Here are my personal key takeaways from the conference (note they are my own reflections on what I’ve learned, not the verbatim of the presenters).
Corporate Innovation Takeaways
What is the difference between explore and exploit?
Startups are a temporary organisation looking for a scalable business model - they focus on exploring. Corporates are designed to capitalise on an existing business model - they focus on exploiting. To be successful you need to be good at exploring and exploiting. The two require very different mindsets, approaches and techniques. The explore mindset is risk-taking, experimentation, and early market validation. Techniques are Lean Startup, Lean UX, Radical Innovation, Design Thinking, Design Sprints, etc. The exploit mindset is risk-minimisation, scalability, repeatable processes and market share. Techniques are Lean Management, Six Sigma, Supply Chain Optimisation, Customer Relationship Management, etc. to maximise sales revenue and profitability while reducing business costs.
Why is it harder to innovate in corporates?
In corporates you might have to deal with politics and your idea could become stuck in a power battle. If one important person in the leadership team or board disagrees - your idea is killed. As an entrepreneur you can shop around until you find an investor who says yes. And 1/20 investors will say yes.
What can you do to help corporate innovators?
Create an innovation pathway so the corporate innovator does not have to go up (in the hierarchy) and ask for permission to continue. This is often the valley of death. Many functions in corporates will just do their job - in doing so they block innovation efforts. Most functions e.g. HR, Finance, Procurement, etc. are designed for efficiency and they exist to minimise risk.
Business Model Innovation Takeaways
Why is Business Model Innovation important?
Product and Service Innovations are relatively easy to copy by competitors. Business Model innovations are more complex and their inner workings are often invisible to outsiders. However, Business Models expire, you just don’t know when. There are great tools to Business Model Innovation like the Business Model Canvas by Strategyzer or the Business Model Pattern Cards by the St. Gallen University.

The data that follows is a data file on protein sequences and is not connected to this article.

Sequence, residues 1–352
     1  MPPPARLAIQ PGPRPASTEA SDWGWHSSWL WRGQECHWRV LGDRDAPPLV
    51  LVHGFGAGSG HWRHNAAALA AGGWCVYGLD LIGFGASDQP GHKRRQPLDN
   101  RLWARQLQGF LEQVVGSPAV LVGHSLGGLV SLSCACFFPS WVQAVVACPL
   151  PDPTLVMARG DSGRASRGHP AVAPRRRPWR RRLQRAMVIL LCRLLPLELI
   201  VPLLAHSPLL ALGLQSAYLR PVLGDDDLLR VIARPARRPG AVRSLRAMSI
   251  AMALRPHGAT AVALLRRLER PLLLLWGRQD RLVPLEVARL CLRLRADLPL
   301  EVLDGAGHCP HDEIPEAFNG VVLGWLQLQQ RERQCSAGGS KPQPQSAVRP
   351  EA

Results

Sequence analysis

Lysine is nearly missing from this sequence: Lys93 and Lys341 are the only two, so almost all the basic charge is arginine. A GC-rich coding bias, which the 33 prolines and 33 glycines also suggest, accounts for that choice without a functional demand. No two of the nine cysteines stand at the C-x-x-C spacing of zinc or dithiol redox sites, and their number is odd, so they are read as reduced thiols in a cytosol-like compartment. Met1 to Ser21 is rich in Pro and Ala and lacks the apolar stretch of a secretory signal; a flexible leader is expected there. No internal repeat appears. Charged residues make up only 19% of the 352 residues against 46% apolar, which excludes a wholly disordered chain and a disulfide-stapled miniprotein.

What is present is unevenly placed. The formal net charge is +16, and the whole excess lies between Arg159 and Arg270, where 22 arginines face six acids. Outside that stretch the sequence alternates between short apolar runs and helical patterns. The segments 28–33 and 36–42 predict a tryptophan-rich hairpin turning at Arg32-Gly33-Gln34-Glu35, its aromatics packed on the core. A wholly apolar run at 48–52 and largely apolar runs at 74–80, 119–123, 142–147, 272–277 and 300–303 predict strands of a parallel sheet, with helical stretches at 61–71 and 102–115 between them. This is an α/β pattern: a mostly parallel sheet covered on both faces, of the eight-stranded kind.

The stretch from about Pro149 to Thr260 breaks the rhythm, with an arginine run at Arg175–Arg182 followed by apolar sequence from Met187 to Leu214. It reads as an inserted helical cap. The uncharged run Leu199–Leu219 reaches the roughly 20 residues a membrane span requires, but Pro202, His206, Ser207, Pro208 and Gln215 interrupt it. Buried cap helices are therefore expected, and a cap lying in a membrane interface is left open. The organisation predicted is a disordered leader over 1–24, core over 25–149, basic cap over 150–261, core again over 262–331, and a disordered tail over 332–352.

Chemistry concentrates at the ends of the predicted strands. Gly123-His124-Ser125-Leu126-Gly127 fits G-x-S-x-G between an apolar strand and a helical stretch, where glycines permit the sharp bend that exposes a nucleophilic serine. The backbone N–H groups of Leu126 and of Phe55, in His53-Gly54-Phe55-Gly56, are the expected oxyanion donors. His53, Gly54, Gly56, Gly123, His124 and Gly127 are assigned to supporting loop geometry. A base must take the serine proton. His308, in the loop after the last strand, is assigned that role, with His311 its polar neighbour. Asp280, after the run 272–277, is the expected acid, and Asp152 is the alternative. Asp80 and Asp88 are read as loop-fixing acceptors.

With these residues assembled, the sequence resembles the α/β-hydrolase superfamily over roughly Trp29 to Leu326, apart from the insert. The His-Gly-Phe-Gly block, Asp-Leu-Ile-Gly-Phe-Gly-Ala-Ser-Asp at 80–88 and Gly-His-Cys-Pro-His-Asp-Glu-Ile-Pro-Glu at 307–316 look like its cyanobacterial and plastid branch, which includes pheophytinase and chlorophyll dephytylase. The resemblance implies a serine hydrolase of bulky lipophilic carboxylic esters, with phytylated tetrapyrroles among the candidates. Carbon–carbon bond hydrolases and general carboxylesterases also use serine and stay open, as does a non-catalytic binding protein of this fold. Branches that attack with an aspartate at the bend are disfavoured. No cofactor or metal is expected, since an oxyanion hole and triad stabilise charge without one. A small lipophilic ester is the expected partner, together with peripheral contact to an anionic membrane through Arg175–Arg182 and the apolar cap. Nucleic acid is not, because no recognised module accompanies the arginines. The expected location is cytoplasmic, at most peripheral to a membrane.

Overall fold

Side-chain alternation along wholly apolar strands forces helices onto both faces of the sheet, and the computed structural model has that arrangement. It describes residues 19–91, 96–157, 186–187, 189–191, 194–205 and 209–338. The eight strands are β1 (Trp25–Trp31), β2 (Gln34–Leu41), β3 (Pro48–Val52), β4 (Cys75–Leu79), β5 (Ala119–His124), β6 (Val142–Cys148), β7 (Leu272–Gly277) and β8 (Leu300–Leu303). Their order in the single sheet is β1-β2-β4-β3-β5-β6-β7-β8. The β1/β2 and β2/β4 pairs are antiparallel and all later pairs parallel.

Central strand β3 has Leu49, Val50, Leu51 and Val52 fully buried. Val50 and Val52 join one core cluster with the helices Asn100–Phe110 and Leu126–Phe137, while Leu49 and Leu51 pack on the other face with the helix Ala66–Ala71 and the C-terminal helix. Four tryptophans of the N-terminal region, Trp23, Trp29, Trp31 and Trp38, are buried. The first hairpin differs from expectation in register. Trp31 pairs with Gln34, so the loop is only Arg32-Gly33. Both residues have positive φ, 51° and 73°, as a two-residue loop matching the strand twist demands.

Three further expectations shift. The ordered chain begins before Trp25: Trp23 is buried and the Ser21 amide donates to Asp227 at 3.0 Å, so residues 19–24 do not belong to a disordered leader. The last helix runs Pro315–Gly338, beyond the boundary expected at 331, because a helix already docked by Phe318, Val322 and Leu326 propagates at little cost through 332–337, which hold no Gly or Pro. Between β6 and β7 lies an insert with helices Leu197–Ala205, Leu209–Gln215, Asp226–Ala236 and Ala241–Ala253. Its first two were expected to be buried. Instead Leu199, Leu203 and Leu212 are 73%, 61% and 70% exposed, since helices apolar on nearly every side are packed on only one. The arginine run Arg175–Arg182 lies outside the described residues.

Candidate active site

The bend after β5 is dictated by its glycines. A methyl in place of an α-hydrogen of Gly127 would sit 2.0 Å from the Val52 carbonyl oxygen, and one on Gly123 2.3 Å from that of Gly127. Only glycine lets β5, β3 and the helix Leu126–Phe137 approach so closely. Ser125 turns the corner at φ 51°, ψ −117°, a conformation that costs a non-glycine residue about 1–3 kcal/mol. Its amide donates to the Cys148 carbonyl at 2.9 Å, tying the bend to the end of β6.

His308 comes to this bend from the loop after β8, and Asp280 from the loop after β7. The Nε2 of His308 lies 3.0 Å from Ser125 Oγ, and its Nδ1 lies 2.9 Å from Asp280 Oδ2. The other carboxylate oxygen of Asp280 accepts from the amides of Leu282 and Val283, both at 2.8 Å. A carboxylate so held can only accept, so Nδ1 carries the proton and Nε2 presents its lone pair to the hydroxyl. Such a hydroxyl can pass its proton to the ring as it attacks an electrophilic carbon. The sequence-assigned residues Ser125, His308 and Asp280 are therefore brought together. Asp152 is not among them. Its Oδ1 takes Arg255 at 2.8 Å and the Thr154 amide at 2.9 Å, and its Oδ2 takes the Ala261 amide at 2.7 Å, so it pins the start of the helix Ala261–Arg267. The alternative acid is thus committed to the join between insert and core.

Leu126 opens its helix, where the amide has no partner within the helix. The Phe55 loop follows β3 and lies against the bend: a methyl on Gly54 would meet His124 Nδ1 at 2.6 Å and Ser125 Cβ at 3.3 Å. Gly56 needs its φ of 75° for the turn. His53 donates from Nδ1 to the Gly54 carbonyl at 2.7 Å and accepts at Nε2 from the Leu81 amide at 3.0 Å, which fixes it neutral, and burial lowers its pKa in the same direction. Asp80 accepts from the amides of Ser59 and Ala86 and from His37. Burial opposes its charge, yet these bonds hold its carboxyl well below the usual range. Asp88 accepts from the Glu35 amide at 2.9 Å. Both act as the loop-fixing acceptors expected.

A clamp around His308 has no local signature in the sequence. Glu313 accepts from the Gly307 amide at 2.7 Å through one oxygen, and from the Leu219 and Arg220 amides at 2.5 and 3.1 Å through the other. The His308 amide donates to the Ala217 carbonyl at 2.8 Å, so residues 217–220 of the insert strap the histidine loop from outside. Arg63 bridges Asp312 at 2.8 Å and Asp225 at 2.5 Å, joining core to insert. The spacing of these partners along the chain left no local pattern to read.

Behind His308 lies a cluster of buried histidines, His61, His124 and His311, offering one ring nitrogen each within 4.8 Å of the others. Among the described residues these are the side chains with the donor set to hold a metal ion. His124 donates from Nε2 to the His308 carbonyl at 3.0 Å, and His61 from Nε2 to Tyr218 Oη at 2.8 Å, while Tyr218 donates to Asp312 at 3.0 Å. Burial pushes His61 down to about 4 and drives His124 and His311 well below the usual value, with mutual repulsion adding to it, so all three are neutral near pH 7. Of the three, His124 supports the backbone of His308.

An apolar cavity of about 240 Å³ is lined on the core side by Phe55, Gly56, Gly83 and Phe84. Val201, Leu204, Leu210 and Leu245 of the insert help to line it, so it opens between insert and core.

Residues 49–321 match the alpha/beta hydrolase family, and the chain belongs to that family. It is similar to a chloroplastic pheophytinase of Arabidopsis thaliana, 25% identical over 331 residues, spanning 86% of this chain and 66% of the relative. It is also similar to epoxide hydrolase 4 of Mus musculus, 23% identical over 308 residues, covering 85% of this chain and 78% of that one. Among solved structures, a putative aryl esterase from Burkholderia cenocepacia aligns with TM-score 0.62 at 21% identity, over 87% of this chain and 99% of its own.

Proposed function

What is the concept of switching costs?
An often underestimated question in Business Model Innovation is Switching Costs. How easy or difficult is it for your customers to switch? Some products are built on this strategy. When launching the IPod, Apple applied a switching cost strategy. Customers who had uploaded all their music onto iTunes have themselves created high switching costs. It’s likely that they will stick with their provider.
In 2014 I worked with a national telco who introduced roll-over data to the competitive telecommunications market. Gigabytes that would roll over to the next month meant that customers quickly collected vast amounts of data. Using up all the data became nearly impossible (most people did not change their mobile browsing behaviour) but it served as a very sticky value proposition as customers didn’t want to ‘lose their data’.
What corporates have successfully reinvented their business model?
After the backlash in film through digital technology Fujifilm invested in cosmetics. They realised that their specialist knowledge in preventing films age helped them with preventing skin ageing.
Hilti moved from selling power tools to leasing them as a service. Hilti’s Fleet Management means that the company is no longer selling drills but holes. This business model aims at establishing a long-term maintenance system with leasing contracts, and to enable long-term, sustainable, and stable customer relationships (Dr. Stefan Nöken, Hilti board member).
Do you want to know what makes Uber’s Business Model successful?
My personal wishlist for ISPIM 2020 in Berlin
More presentations on radical innovation. Approaches based on creative problem solving like Design Thinking are by many seen as the only way to innovate. There are other approaches to innovation that don’t require a problem to start with. E.g. Roberto Verganti on the innovation of meaning and Radical Innovation through Hacking Industry Conventions. An approach I have developed with Fanny Parise, Nicolas Tallon, Laura Rumich and Matthias Lenssen.
Sign up to my newsletter below to receive exclusive content on innovation and strategy (I share one or two posts every month).
Posted by Dr. Sebastian Vetter